The expectation versus reality of cheerleading


Emersyn Armstrong

Cheerleaders hit their Elite Stunt and pyramid.

The background noise of tumbling and bodies moving with precision and grace surrounds you. Walking into the warm-up hall before a performance, other cheerleaders perform stunts and practice their routines. Hoping it will all be over soon as the other teams compete. The nerves create a balance of shaking and heavy, unequal breathing. Reassuring the team with positive words of encouragement, the time comes, as the team joins hands, walks out to the crowd waving, soon taking their place, beginning to start the routine.  

Recently the second season of ‘Cheer’ came out and as of current it’s one of the top shows on the hit streaming service, Netflix. But there is a question many are asking: Is the show true to what actually happens during competitive cheer and its practices?

On the show, the Head Cheerleading Coach of Navarro College, Monica Aldama, seems to be very close with her athletes. However, when they do something wrong or aren’t doing their job she will set them straight, soon turning to yell at them. Although to many it this may seem as though the coach is too hard on the athletes, in reality, it’s just her way of displaying tough love.

Tough love can come in any type of coach. My coach at the gym I cheer at is like Aldama. He loves us all, but if we are messing around or giving people an attitude he will tell us that it is not acceptable. Even though we are his athletes and he loves us, we still need to be disciplined in order to improve.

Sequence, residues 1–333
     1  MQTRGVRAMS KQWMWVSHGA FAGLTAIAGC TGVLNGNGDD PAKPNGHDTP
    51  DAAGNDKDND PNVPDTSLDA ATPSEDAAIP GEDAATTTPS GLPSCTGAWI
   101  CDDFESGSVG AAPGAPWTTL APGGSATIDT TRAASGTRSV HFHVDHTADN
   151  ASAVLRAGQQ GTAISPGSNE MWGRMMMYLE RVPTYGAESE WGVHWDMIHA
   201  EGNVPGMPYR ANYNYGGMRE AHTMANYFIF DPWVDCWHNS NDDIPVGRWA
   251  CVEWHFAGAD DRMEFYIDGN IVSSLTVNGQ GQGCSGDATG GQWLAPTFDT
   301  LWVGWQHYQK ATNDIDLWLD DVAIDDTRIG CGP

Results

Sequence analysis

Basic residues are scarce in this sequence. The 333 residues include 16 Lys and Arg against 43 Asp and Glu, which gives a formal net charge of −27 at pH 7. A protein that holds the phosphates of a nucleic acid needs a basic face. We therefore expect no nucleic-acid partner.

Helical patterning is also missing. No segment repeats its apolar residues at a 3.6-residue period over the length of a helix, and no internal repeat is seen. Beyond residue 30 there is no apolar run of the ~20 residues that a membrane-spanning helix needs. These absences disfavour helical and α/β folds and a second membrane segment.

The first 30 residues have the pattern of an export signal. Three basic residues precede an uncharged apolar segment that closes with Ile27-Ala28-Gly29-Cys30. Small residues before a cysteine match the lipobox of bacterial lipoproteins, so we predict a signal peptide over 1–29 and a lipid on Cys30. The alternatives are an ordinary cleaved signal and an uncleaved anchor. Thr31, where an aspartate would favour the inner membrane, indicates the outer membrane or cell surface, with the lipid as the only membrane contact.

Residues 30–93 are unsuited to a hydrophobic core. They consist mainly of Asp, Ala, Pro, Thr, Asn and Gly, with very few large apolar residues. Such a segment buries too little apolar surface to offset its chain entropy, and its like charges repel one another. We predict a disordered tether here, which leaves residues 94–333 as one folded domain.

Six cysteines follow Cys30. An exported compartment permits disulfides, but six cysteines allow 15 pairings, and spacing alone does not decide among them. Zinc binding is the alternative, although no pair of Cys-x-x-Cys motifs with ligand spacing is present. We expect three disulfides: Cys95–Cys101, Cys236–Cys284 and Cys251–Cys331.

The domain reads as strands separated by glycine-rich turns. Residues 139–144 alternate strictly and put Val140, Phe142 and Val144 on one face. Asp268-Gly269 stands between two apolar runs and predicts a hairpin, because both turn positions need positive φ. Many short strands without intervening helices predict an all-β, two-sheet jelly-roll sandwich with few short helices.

In the first season of ‘Cheer,’ Monica sent her athletes on a treasure hunt. This is a way to get your athletes to work together through a team-building exercise, helping them build a stronger friendships with one another. My coach has done similar, sending us all to Kings Island at the beginning of the year to get to know each other. 

In the show when someone drops a stunt, the athletes have to run or do an exercise as a team because you shouldn’t let a flier hit the floor. In my practice at Pride Academy, one stunt group let a flier hit the floor so every time someone fell we had to do pushups and V-ups. We don’t only have those people do the exercise as we are a team and a family so we all go through it together. 

Competing is something that all athletes look forward to doing because you get to show the world, family, and friends what you and your team have been working on. You have been learning your routine and doing them full out to go on that floor and show everyone. 

Competitive cheerleading is something that you have to take very seriously. There are people getting thrown very high in the air and they are trusting you to catch them and if you are messing around something can go very wrong. 

So, in my opinion, the answer to many people’s question: Yes, the show really does show what cheerleading practice is like, as cheerleading is all about building bonds.